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On the tree lined streets of New York’s Park Slope neighborhood, one Brownstone is home to more than just a family.  It’s the Lesbian Herstory Archives, a mixture of library, museum, and family album, and it works under the mission to preserve the record of Lesbian life.  On the outside, it’s hard to distinguish from the other houses of the neighborhood, but on the inside, the Archives boasts the largest collection of materials by and about Lesbianism in the world.  The Archives were founded in the 1970’s, growing from the hard work of volunteers into the beloved foundation that it is today.  We talked with Deborah Edel, one of the founding members of the Archives, and learned more about the non-profit’s unique journey and profound success.

Fostering Longevity

The Archives, like any other grassroots organization, was vulnerable when it first began.  Non-profit groups had a pattern of emerging on grant money and dying out in a few years, but for the Archives to succeed, people needed to feel comfortable donating their materials to the collection.  Building trust for the first ten years of the Archives’ existence, Deb and other members kept the Archives alive with their own donations, proving to the community that they would not disappear like so many others.

The plan worked, and as the Archives gained the trust of others, they received more and more donations.  Even still, the Archives maintained the value to never live beyond their means.  The group used money sparingly and stayed out of debt, saving costs by housing the collection in a member’s apartment until enough money was saved to purchase a permanent home.  Early members stayed involved long term, working with new volunteers to maintain original values and share historical wisdom.  The Archives now boasts volunteers in their eighties, in their teens, and in every decade in between.

The Strengths of the Archives

The Archives were established as a non-hierarchical organization, a structure that has made it easy for the group to uphold their original values.  Many of the founders worked for other NGOs before joining the Archives, bringing their backgrounds from the civil rights movement and anti McCarthy work.  These members were able to share knowledge openly within the equal leadership of the group, and policies were always guided by the original mission rather than an individual’s beliefs.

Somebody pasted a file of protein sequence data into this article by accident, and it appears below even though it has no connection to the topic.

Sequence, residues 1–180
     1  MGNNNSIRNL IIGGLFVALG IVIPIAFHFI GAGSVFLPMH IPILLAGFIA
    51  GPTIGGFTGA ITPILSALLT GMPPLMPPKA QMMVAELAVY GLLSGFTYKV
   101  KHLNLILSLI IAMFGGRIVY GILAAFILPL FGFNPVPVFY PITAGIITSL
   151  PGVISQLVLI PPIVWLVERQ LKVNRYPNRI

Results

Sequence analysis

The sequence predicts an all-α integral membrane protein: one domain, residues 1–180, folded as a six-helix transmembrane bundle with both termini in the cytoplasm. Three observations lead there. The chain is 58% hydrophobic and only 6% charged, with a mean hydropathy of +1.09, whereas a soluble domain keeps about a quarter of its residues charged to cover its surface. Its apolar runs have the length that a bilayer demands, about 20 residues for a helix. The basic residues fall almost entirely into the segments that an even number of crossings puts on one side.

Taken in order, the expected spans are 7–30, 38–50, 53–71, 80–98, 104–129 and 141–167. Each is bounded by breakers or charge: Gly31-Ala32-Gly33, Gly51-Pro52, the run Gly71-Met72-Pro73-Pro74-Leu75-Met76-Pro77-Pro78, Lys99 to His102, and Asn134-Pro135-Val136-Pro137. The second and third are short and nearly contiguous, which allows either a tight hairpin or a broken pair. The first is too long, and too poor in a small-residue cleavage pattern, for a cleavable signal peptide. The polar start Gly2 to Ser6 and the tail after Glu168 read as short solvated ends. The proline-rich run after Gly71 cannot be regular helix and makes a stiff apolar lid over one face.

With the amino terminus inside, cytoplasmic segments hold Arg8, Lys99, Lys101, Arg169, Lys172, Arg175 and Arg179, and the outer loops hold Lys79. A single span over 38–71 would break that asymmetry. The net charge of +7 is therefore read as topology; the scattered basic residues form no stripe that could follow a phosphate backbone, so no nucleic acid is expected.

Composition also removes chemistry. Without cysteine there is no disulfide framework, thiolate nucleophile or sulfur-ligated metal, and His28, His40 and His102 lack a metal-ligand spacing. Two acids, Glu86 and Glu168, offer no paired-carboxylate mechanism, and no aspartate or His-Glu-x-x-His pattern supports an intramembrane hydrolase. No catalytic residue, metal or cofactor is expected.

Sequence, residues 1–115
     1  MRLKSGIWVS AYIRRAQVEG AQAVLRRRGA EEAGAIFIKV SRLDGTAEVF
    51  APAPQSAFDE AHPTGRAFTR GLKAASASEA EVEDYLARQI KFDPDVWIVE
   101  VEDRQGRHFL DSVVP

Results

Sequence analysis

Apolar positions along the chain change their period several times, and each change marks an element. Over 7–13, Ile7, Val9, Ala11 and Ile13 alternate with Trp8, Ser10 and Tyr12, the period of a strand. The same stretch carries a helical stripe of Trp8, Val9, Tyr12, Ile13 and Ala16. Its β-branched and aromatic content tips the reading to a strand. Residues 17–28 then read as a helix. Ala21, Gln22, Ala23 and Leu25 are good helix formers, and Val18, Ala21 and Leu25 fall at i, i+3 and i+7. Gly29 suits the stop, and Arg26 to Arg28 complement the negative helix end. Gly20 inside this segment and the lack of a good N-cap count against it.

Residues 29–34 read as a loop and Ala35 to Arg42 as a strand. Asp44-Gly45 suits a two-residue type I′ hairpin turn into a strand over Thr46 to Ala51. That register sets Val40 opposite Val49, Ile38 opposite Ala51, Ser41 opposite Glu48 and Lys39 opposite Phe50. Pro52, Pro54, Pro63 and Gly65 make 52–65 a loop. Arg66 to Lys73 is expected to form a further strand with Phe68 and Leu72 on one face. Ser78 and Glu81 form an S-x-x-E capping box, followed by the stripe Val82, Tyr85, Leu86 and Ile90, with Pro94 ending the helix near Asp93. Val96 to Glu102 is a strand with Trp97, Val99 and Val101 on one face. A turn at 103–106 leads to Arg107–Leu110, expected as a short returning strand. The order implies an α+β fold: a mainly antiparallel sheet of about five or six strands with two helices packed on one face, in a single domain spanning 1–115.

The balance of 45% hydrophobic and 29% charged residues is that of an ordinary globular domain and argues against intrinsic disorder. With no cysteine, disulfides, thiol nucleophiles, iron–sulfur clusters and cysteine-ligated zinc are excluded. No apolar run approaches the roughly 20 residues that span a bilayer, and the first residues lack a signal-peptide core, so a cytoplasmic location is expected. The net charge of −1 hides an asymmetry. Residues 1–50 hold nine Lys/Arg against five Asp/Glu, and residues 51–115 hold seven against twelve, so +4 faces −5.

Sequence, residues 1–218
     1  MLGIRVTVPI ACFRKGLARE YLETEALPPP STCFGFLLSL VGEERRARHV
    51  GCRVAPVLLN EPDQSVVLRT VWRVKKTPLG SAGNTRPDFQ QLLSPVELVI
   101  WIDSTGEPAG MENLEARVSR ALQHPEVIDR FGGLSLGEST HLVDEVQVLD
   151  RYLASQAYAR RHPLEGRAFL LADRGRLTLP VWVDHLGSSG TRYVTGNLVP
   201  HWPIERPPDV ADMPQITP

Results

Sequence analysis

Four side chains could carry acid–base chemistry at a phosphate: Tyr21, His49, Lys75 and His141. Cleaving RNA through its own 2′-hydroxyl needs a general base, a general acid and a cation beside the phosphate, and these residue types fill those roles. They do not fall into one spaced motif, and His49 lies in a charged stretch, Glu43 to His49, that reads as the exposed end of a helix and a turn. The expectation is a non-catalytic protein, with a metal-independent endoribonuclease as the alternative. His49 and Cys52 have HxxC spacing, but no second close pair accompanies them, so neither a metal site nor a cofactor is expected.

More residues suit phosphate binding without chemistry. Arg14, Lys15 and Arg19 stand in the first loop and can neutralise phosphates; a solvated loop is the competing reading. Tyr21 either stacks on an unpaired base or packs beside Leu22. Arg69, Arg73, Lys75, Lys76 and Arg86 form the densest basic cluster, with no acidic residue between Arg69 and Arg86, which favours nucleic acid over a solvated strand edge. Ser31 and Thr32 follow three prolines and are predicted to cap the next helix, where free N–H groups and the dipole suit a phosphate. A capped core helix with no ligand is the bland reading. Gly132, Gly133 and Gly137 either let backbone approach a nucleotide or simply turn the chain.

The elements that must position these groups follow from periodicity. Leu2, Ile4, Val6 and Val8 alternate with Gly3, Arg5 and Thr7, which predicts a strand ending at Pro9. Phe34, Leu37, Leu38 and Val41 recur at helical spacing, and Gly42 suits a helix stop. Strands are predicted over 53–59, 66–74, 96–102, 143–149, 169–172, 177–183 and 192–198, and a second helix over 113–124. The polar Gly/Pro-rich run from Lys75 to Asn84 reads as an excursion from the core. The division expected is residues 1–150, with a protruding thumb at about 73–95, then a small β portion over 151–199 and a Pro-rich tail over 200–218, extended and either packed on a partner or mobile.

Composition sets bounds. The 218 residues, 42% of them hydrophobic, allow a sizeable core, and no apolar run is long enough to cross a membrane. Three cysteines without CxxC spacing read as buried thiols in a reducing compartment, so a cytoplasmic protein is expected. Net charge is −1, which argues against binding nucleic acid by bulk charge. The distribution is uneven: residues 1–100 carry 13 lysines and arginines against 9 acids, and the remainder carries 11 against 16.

In order to maintain the equal dynamics of the Archives, none of the members have ever received salaries.  Having salaried staff, Deborah noted, can lead to individuals having more direct control of day to day activities.  Staying away from University connections and traditional library connections were other ways in which the Archives maintained their independence.  The group was free to follow their own vision, and eventually gained non profit status in the 1980’s.  This brought an increase in donations and eventually allowed for the purchase of a permanent location.

Signs of their Success

The Archives’ created a space that was not only engaging and homey, but grew to provide hundreds of annual tours, and attracted visitors from all around the world.  Opening the Brownstone location over thirty years ago was not the crowning moment for Deborah’s work with the Archives, though.  She shared that the most exciting moment for her was realizing that a younger generation was interested in staying involved and carrying on the Archives.  That was crucial, she felt, as she did not believe the Archives would have a future if younger people did not see the meaning of the work being done to ensure visibility of the Lesbian community.

Community Engagement

Visitors have always been welcome to read the Archive’s collections and use the space for research, even when the materials were held in an apartment.  In the 70’s and 80’s, many visitors had never been in a lesbian space before.  The Archives acted as a place to familiarize visitors with the Lesbian community and show what Lesbian life was like.  Using the Archives for research, some found the collective as a critical tool in preparing for court proceedings, while others used the collections to gather background information for creative work.  To this day, people come to the Archives to learn about their history and gain confidence in their identity as Lesbians.  In the age of the internet, background information on Lesbianism has become readily available, but Deborah recalled early visitors sometimes bringing family to the Archives to introduce their loved ones to Lesbian history and alleviate anxieties surrounding coming out.

The Joy of the Journey

Deborah noted that the Archives began at a time when Universities rarely even recognized Women’s studies, let alone Lesbian studies.  Born in a time of emerging Lesbian book stores and materials, the Archives fought to make sure the strides of visibility would not be erased.  Even when the world around them did not recognize the importance in their work, Deborah and the other founders persevered until cultural history was accepted as a meaningful topic.  They spent nights, weekends and any free time they had to work on the Archives, work that included writing newsletters and doing outreach.  The apartment that housed the collection for many years was one that Deborah lived in, and she recalled that people were coming and going day in and day out.  Remembering it fondly, Deborah reflected, “it was a crazy way of living but it was a wonderful time.”

The Archives Now

The Archives have now been around for over 50 years, recently celebrating their 30th anniversary in their permanent, Park Slope location.  To stay up to date with the Archives, visit their instagram at or make an appointment on their site to see the collection for yourself.  Deborah remains active in the collective, and hopes other grassroots organizations will be inspired by the success of the Archives.